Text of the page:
It is this premise that serves as the foundation for determining how funds will be distributed in a joint bank account. The exact definition of “intent” becomes an issue when a parent holds a joint bank account with their child – let us explain:
A bank account held jointly by spouses has many benefits – one being convenience. It enables both parties to deposit or withdraw monies in accordance with any guidelines set by the account. The pairing may choose to hold a primary joint account that is used to pay bills with ease, and to hold additional accounts in each of their individual names – and that is fair, but if the intent is to avoid probate altogether, this may not be functional.
If spouses hold a bank account jointly and one spouse passes away, the surviving joint owner will automatically obtain the deceased person’s share. This is known as a survivorship right, and it could facilitate the bypass of probate, but only if ALL assets are held jointly.
If not ALL of assets are held jointly by spouses, the accounts held in any one person’s name will form a part of the residue of their estate. If their spouse is the primary beneficiary on their Will, the spouse will still inherit the funds, but they will likely be required to submit a probate application of the Will to collect in the assets.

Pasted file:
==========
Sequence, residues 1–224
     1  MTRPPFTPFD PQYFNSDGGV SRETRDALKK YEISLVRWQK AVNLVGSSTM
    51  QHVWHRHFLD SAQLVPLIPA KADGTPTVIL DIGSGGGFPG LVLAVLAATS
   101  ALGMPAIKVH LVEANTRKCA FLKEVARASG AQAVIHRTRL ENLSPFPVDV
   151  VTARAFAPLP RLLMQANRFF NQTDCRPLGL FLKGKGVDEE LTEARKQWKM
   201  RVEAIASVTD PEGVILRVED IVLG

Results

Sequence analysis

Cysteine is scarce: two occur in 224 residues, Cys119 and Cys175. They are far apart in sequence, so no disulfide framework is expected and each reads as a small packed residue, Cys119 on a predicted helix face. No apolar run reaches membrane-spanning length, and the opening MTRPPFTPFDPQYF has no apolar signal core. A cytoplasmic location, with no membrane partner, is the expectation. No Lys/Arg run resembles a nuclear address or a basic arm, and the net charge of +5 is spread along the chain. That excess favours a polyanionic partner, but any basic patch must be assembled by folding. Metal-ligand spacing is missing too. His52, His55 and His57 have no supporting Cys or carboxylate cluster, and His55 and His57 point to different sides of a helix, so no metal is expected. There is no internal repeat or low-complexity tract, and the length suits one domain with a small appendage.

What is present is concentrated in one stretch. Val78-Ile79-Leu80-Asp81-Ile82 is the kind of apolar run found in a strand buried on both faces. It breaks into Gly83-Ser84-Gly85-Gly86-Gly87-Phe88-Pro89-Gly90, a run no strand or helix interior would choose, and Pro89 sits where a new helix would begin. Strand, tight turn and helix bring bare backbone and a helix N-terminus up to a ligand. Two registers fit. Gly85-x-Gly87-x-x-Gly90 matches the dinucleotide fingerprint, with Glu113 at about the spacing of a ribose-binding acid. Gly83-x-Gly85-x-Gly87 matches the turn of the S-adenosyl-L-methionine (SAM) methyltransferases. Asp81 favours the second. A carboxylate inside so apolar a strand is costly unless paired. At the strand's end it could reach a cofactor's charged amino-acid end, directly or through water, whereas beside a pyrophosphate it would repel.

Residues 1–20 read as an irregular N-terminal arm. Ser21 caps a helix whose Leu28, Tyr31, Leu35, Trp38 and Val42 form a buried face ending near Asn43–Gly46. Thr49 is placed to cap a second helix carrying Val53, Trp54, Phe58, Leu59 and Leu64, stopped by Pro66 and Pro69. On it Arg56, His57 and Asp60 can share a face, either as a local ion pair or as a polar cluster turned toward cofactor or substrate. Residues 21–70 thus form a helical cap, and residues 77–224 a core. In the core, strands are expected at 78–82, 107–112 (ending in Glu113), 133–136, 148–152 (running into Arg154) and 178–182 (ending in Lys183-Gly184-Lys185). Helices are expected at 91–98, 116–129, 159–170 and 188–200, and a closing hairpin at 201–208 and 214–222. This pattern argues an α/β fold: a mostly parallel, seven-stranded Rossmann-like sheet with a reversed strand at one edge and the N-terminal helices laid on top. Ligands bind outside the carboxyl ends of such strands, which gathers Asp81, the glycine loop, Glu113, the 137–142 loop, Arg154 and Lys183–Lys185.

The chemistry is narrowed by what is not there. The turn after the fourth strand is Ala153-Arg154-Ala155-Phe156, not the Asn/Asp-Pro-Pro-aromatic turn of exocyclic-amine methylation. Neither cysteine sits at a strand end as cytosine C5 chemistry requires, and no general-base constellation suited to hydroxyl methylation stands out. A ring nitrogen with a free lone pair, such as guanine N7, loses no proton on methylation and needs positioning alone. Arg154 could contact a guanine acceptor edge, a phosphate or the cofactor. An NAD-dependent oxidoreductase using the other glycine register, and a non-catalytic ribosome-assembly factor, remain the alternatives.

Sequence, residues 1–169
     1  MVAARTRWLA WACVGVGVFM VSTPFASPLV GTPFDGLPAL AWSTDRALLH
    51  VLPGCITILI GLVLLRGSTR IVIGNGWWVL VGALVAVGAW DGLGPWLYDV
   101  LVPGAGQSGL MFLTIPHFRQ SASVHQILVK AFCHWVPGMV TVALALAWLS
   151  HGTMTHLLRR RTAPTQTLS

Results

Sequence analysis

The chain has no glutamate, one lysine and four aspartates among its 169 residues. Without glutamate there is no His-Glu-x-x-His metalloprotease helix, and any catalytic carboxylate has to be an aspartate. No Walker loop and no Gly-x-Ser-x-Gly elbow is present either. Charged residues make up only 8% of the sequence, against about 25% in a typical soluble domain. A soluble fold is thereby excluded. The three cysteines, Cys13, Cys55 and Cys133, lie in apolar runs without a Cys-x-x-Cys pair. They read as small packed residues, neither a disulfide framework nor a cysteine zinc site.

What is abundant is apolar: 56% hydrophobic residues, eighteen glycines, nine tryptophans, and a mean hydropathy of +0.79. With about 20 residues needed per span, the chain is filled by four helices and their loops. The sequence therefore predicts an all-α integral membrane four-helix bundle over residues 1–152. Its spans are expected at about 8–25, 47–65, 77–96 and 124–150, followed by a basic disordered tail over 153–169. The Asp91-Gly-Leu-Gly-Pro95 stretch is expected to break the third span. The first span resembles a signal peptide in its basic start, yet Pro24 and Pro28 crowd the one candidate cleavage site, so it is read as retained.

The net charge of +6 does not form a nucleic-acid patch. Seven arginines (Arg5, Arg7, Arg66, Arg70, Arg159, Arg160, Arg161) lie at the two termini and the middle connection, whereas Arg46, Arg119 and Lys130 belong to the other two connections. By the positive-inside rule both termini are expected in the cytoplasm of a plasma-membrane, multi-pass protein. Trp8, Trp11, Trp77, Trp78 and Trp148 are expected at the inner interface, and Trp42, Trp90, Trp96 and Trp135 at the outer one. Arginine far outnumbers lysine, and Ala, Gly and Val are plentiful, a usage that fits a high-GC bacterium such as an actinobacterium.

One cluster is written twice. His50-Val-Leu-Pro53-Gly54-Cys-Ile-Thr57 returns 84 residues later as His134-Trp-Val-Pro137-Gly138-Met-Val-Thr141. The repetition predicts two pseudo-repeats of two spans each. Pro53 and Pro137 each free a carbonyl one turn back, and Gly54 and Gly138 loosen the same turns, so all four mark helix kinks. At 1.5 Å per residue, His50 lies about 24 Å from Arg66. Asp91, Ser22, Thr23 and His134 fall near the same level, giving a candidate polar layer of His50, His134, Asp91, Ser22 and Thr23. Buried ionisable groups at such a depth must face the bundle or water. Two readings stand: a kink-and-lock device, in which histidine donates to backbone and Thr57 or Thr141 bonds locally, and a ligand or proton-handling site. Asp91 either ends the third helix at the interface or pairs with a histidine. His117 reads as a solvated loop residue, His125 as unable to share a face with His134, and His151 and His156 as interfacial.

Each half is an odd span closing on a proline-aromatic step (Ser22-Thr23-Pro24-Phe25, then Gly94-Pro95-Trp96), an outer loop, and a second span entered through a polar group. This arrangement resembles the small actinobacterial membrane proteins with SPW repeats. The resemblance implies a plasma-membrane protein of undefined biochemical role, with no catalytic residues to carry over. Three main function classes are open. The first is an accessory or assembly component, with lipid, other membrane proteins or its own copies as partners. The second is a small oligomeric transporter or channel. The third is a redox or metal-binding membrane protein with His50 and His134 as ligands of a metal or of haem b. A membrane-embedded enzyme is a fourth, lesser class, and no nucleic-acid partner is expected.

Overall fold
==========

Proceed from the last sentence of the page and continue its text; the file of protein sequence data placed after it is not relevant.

This is where things can get complicated. Let’s discuss three reasons why a parent might hold a bank account jointly with their child:
1. It is intended as a gift via the right of survivorship.
2. To assist their child financially; or
3. For their child to assist them with the management of their financial affairs.
While the right of survivorship is presumed when spouses hold a joint account – in other words, the account is recognized as a gift – there is no such presumption for an account held between a parent and child. For the surviving child to be entitled to the account, they must establish the parent’s (the transferor’s) intent to provide them with this right. Both parties depositing funds into the account is not sufficient to establish intent of a right of survivorship, and while it may be beneficial to have an account agreement in place providing evidence of the transferor’s intention as to how the funds should be dealt with, the document still might not be clear. So how is intent determined? The estate’s trustee may have to look at account activity in an attempt to ascertain the purpose of the account.
When a child is named on an account to assist the parent with their financial affairs and the parent passes, the account will fall into the residue of the parent’s estate. It is not for the child to claim as their own. To ensure that this is clear, it is recommended that the parent create an Enduring Power of Attorney authorizing their appointed Attorney (child) to handle all financial affairs.
If a parent’s intent is to distribute the funds in the account to their child, it should be specified in their Will.
When spouses hold a joint bank account, the right of survivorship is presumed. For an account held jointly by parent and child, intent for the account to transfer via the right of survivorship must be proven. Otherwise, it will form a part of the residue of the parent (the transferor)’s estate.
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